Saturday, June 05, 2004

Even when fired, executives concentrate wealth

Title: Execs cash out at exit door
Source: MSNBC
Date: June 6, 2004

From the article:
    The Courier's annual review of executive compensation found that four of the year's five biggest raises went to executives forced out of their companies. These execs were then handed severance packages worth two to five times their annual salary and bonus in the year prior to their departure.

    Leading the pack was Stanley Pontius, chief executive of First Financial Bancorp. in Hamilton, who received a 420 percent raise that include a $3.4 million severance package -- nearly five times his 2002 salary and bonus. Pontius left the bank last October after what company officials called a disagreement about the company with its directors. Pontius had been the company's president and CEO since 1991.
    Other negotiated deals included a combined $5 million in separation packages for three Cincinnati Bell executives -- CEO Kevin Mooney, CFO Thomas Schilling and General Counsel Jeffrey Smith -- who lost their jobs following the sale of the company's money-losing broadband division. All got roughly two times their 2002 salary and bonus.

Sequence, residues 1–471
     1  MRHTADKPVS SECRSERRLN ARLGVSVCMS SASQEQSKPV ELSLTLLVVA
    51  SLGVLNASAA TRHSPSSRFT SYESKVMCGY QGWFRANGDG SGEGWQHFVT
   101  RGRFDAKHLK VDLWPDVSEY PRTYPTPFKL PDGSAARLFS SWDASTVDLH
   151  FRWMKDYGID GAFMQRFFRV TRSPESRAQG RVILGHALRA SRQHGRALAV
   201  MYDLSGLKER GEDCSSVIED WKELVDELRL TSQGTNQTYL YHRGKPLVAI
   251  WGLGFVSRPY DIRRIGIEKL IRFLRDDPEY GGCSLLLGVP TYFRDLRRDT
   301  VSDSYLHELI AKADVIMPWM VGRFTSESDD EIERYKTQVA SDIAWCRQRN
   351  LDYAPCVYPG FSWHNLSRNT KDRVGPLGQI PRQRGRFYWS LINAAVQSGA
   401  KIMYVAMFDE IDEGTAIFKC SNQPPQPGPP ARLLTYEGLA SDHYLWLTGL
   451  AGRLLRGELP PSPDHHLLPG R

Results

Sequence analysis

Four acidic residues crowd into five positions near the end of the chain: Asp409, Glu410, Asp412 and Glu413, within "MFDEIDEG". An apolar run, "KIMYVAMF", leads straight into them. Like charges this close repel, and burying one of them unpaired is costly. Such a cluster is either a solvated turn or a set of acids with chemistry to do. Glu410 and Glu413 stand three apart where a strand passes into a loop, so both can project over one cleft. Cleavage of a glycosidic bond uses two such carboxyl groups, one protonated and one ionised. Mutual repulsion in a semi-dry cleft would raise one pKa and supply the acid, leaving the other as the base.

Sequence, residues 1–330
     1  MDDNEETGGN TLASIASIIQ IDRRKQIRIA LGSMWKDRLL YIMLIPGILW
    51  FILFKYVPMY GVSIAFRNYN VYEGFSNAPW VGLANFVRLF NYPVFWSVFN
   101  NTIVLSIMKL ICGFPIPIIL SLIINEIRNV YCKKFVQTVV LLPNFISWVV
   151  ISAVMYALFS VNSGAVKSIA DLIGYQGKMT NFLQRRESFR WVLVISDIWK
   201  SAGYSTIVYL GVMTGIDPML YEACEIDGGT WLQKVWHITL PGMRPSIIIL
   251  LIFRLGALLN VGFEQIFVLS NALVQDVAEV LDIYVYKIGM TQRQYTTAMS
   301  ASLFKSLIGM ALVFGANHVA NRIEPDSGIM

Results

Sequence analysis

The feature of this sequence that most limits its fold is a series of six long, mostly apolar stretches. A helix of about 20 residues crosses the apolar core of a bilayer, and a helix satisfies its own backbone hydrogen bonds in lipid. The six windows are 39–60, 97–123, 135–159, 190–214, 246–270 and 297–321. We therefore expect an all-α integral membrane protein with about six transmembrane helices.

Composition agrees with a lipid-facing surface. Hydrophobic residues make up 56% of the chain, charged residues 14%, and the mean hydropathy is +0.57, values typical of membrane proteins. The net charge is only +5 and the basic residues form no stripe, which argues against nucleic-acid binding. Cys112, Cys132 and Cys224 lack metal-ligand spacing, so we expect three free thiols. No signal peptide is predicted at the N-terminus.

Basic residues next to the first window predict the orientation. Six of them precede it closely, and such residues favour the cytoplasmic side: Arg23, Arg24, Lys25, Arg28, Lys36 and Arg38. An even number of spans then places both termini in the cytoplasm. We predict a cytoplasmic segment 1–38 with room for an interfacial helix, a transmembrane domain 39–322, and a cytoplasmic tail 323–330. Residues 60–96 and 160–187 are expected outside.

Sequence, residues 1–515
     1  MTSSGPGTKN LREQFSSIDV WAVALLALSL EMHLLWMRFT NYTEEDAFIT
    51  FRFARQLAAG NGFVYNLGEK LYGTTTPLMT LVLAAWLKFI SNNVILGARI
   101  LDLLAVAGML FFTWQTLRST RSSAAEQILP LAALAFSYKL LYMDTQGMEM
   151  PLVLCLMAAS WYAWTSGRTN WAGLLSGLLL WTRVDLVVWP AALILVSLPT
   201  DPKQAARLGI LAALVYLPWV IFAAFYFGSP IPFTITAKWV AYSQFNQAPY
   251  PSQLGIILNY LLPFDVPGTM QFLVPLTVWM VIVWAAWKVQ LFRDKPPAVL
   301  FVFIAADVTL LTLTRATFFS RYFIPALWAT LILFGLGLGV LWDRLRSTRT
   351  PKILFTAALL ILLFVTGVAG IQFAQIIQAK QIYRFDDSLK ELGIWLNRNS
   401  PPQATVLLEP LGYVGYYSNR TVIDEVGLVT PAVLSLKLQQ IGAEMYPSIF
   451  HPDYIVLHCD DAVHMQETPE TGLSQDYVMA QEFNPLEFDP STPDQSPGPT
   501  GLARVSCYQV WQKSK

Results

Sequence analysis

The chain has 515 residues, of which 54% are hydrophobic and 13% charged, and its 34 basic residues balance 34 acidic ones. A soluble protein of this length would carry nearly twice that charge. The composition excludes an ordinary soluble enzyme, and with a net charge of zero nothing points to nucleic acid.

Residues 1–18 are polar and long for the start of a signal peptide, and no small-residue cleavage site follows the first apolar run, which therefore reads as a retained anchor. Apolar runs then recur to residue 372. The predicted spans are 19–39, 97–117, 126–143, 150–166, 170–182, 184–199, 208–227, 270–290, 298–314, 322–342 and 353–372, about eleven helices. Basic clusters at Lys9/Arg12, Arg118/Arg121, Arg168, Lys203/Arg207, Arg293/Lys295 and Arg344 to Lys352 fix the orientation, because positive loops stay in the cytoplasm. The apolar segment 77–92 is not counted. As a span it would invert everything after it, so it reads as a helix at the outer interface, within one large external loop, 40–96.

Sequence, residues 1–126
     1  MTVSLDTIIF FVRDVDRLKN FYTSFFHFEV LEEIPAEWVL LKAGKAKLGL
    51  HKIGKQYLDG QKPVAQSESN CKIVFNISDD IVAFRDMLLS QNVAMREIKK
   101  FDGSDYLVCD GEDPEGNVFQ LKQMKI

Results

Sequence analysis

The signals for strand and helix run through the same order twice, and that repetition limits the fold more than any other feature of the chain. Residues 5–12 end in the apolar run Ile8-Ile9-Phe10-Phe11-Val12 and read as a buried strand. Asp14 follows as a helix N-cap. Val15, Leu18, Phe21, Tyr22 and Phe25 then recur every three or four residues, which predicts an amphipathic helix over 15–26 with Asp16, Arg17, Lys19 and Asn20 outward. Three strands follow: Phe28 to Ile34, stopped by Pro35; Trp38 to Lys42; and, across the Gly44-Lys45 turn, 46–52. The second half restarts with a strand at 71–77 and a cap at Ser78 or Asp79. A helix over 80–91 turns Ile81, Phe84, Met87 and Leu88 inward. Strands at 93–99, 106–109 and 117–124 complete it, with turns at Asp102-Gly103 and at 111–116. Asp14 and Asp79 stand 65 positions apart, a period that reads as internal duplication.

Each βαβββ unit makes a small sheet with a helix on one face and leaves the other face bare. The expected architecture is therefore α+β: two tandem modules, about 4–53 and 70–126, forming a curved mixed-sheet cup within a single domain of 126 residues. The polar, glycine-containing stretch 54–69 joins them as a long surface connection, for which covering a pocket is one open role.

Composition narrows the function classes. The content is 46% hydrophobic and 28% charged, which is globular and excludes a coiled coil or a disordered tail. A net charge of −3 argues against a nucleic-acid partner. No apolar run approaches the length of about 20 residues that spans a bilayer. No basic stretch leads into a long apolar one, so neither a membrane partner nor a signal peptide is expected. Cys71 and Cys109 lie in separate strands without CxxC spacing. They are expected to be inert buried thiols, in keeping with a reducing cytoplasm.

The severance deals for all four executives boosted their 2003 compensation by more than 250 percent.

    "The good old boy's club is still working very well," said Steve Dillenburg, a managing partner at Summit Investment Partners.
    "Termination payments are supposed to protect CEOs from financial hardship when they are terminated. It seems to me that a payment of one year's salary would be sufficient for that," said Paul Hodgson, compensation analyst for the Corporate Library, a Portland, Maine-based group that promotes good corporate governance practices.

    Hodgson analyzed all of the so-called "golden parachute" packages awarded by S&P 500 companies in 2001 and 2002. He found the average payday for CEOs was $16.5 million.
The implication here is that, prior to firing the executives, companies jack up their salaries by a factor of two to five times, and then the severance package pays a multiple of that as well. The good old boy's club certainly is working very well, and it it is consumers like you and me who are paying the bill.

One obvious question prompted by this article is this: Why do consumers need to "protect CEOs from financial hardship" when they get fired or when they resign? Rank and file employees get no such protection, and they have a far greater need. If a CEO's job pays $10 million a year, can't he/she save a little of that for a rainy day? Why give them any severance package at all?

It is insane to suggest that someone making $10 million per year needs a $16 million severance package to protect against financial hardship. Yet this is the norm. That is how the concentration of wealth works.


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